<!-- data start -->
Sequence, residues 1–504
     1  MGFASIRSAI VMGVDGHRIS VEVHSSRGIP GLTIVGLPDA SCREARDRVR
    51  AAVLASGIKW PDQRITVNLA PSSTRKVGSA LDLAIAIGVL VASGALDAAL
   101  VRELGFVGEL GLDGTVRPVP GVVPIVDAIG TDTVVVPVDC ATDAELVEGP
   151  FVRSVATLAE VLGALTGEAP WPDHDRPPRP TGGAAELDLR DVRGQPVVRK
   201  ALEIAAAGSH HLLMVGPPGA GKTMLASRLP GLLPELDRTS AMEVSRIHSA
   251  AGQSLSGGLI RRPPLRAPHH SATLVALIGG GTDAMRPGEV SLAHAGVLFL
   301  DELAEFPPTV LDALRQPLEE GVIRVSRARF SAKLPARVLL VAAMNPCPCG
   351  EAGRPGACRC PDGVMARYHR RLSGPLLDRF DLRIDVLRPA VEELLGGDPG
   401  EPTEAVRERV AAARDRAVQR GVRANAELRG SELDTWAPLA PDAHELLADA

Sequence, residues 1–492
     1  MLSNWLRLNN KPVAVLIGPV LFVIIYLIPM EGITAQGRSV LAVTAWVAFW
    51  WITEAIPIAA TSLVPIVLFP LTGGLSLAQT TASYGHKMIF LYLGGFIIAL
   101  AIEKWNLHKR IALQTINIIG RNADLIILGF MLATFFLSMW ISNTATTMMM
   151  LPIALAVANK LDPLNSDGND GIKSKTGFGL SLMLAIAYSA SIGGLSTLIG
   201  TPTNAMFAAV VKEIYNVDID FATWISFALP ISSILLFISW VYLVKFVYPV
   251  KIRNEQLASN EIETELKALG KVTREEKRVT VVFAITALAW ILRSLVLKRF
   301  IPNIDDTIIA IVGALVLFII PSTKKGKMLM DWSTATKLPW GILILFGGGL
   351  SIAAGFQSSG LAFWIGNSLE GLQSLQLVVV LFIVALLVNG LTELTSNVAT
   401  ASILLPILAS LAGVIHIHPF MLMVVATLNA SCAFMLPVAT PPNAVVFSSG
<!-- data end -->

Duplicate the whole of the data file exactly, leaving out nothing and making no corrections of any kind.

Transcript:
Sequence, residues 1–504
     1  MGFASIRSAI VMGVDGHRIS VEVHSSRGIP GLTIVGLPDA SCREARDRVR
    51  AAVLASGIKW PDQRITVNLA PSSTRKVGSA LDLAIAIGVL VASGALDAAL
   101  VRELGFVGEL GLDGTVRPVP GVVPIVDAIG TDTVVVPVDC ATDAELVEGP
   151  FVRSVATLAE VLGALTGEAP WPDHDRPPRP TGGAAELDLR DVRGQPVVRK
   201  ALEIAAAGSH HLLMVGPPGA GKTMLASRLP GLLPELDRTS AMEVSRIHSA
   251  AGQSLSGGLI RRPPLRAPHH SATLVALIGG GTDAMRPGEV SLAHAGVLFL
   301  DELAEFPPTV LDALRQPLEE GVIRVSRARF SAKLPARVLL VAAMNPCPCG
   351  EAGRPGACRC PDGVMARYHR RLSGPLLDRF DLRIDVLRPA VEELLGGDPG
   401  EPTEAVRERV AAARDRAVQR GVRANAELRG SELDTWAPLA PDAHELLADA

Sequence, residues 1–492
     1  MLSNWLRLNN KPVAVLIGPV LFVIIYLIPM EGITAQGRSV LAVTAWVAFW
    51  WITEAIPIAA TSLVPIVLFP LTGGLSLAQT TASYGHKMIF LYLGGFIIAL
   101  AIEKWNLHKR IALQTINIIG RNADLIILGF MLATFFLSMW ISNTATTMMM
   151  LPIALAVANK LDPLNSDGND GIKSKTGFGL SLMLAIAYSA SIGGLSTLIG
   201  TPTNAMFAAV VKEIYNVDID FATWISFALP ISSILLFISW VYLVKFVYPV
   251  KIRNEQLASN EIETELKALG KVTREEKRVT VVFAITALAW ILRSLVLKRF
   301  IPNIDDTIIA IVGALVLFII PSTKKGKMLM DWSTATKLPW GILILFGGGL
   351  SIAAGFQSSG LAFWIGNSLE GLQSLQLVVV LFIVALLVNG LTELTSNVAT
   401  ASILLPILAS LAGVIHIHPF MLMVVATLNA SCAFMLPVAT PPNAVVFSSG